We have looked at the history and some of the traditions surrounding Yule over the past couple of days.
We started by discussing how years ago people believed that when the days grew shorter in winter they had to actually *do* something to make the sun come back. 'The Winter Solstice' by Ellen Jackson explains many of the ancient customs well.
We looked at a Scottish family bathing in water into which they had dropped burning coals. They believed this would keep evil spirits away at this dark time.
We looked at how some ancient people performed elaborate rituals in which they dressed as animals or birds.
We talked about Stonehenge where huge stones were placed together to frame the setting sun on the day of the Winter Solstice.
We looked at the Scandinavian great Yuletide feast.
We talked about how fire and light were a big part of many people's ceremonies at this time of year.
We went on to discuss how we now know that the sun will come back without our intervention. It is part of the seasons. We conducted a little experiment to help us understand how this happens.
We drew a circle around a large orange. This represented the equator. We then made a cross approximately where our country is. We stuck a cocktail stick into the top and bottom of the orange and headed off to a dark room with the orange and a torch. Hermione shone the torch at the orange as I slowly spun it round, illustrating how day and night comes about. I then tilted the orange to one side trying to replicate the angle it is at this time of year. We could see clearly then how most of the light fell upon the area south of the equator (currently having summer) while up at the top there was little light.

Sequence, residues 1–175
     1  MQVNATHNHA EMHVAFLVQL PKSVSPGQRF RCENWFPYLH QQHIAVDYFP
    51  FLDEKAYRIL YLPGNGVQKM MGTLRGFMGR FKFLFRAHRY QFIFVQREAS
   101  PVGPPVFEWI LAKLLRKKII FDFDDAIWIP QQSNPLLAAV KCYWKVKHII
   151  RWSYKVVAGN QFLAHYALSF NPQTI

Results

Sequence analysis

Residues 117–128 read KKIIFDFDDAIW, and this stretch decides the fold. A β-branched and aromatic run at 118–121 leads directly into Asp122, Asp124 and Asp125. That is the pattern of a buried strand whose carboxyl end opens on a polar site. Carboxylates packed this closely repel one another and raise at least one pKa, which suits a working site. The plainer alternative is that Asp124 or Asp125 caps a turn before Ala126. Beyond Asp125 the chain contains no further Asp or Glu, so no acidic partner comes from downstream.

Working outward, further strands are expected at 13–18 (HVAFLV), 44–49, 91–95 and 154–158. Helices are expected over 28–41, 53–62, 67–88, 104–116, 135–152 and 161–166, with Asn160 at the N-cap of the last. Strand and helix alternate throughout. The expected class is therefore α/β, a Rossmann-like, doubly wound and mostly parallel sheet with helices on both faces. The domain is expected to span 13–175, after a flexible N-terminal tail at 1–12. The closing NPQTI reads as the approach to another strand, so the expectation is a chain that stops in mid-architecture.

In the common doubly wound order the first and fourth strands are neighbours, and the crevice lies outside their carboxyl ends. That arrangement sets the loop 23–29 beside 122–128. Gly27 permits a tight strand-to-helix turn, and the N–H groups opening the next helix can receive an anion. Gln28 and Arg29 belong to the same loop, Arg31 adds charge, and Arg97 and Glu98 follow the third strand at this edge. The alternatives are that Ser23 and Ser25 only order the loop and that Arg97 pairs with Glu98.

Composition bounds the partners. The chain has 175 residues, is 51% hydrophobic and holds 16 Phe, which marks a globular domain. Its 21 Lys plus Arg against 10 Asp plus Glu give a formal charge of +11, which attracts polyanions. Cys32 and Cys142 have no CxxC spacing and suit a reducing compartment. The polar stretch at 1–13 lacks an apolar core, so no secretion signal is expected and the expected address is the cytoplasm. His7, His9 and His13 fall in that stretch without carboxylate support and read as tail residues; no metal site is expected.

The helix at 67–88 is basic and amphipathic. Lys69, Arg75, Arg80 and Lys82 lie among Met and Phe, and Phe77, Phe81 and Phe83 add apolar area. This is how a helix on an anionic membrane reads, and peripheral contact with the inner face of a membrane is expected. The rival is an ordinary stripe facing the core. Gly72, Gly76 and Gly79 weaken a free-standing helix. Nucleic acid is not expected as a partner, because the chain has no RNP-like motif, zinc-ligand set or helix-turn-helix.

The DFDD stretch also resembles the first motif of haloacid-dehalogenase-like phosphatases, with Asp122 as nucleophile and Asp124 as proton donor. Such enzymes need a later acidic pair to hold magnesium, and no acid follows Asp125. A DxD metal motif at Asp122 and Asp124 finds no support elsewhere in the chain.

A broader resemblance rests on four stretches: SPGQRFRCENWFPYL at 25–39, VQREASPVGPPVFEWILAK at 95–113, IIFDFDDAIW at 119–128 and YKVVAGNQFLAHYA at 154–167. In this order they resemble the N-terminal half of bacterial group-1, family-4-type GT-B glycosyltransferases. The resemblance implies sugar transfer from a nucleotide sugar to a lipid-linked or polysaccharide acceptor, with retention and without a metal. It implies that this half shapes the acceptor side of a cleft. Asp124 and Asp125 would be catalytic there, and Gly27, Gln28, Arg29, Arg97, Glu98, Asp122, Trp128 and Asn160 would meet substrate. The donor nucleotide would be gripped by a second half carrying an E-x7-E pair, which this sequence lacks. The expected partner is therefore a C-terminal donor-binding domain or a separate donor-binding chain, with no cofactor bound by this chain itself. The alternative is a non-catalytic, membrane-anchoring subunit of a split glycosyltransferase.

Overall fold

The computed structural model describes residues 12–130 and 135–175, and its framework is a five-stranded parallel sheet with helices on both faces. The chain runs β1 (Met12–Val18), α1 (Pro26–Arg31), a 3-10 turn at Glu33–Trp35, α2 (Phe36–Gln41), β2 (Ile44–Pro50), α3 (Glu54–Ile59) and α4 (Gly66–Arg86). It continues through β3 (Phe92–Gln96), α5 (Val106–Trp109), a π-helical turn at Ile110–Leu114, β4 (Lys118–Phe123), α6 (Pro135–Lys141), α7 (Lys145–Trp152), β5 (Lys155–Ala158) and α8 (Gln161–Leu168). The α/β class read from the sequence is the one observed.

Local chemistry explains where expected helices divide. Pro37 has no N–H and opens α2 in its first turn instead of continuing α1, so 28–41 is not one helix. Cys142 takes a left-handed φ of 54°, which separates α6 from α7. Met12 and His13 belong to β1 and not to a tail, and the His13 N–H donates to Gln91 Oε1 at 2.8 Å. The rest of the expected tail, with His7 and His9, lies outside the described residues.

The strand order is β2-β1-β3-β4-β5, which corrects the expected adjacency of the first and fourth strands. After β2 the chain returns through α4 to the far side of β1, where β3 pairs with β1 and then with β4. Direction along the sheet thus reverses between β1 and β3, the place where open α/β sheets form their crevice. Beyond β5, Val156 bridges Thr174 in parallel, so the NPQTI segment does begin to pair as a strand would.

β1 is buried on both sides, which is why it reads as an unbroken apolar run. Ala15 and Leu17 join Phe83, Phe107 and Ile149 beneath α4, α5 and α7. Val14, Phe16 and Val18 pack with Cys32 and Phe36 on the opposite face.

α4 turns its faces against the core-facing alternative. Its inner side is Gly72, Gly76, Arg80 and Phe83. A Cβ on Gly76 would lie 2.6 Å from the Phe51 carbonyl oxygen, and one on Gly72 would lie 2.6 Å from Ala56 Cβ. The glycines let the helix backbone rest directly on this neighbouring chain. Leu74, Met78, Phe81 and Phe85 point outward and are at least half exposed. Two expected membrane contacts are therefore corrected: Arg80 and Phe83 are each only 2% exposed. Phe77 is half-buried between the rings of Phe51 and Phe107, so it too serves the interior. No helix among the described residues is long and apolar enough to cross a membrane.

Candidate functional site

We read 'Rebirth of the Sun' from 'Raising Children in Goddess Traditions' by Starhawk, Diane Baker and Anne Hill. A lovely story in my opinion, in which the sun and moon are personified.
A friend called round with a Lady of the Light Crown she had made today. Wonderful. An excellent centre piece for our kitchen table!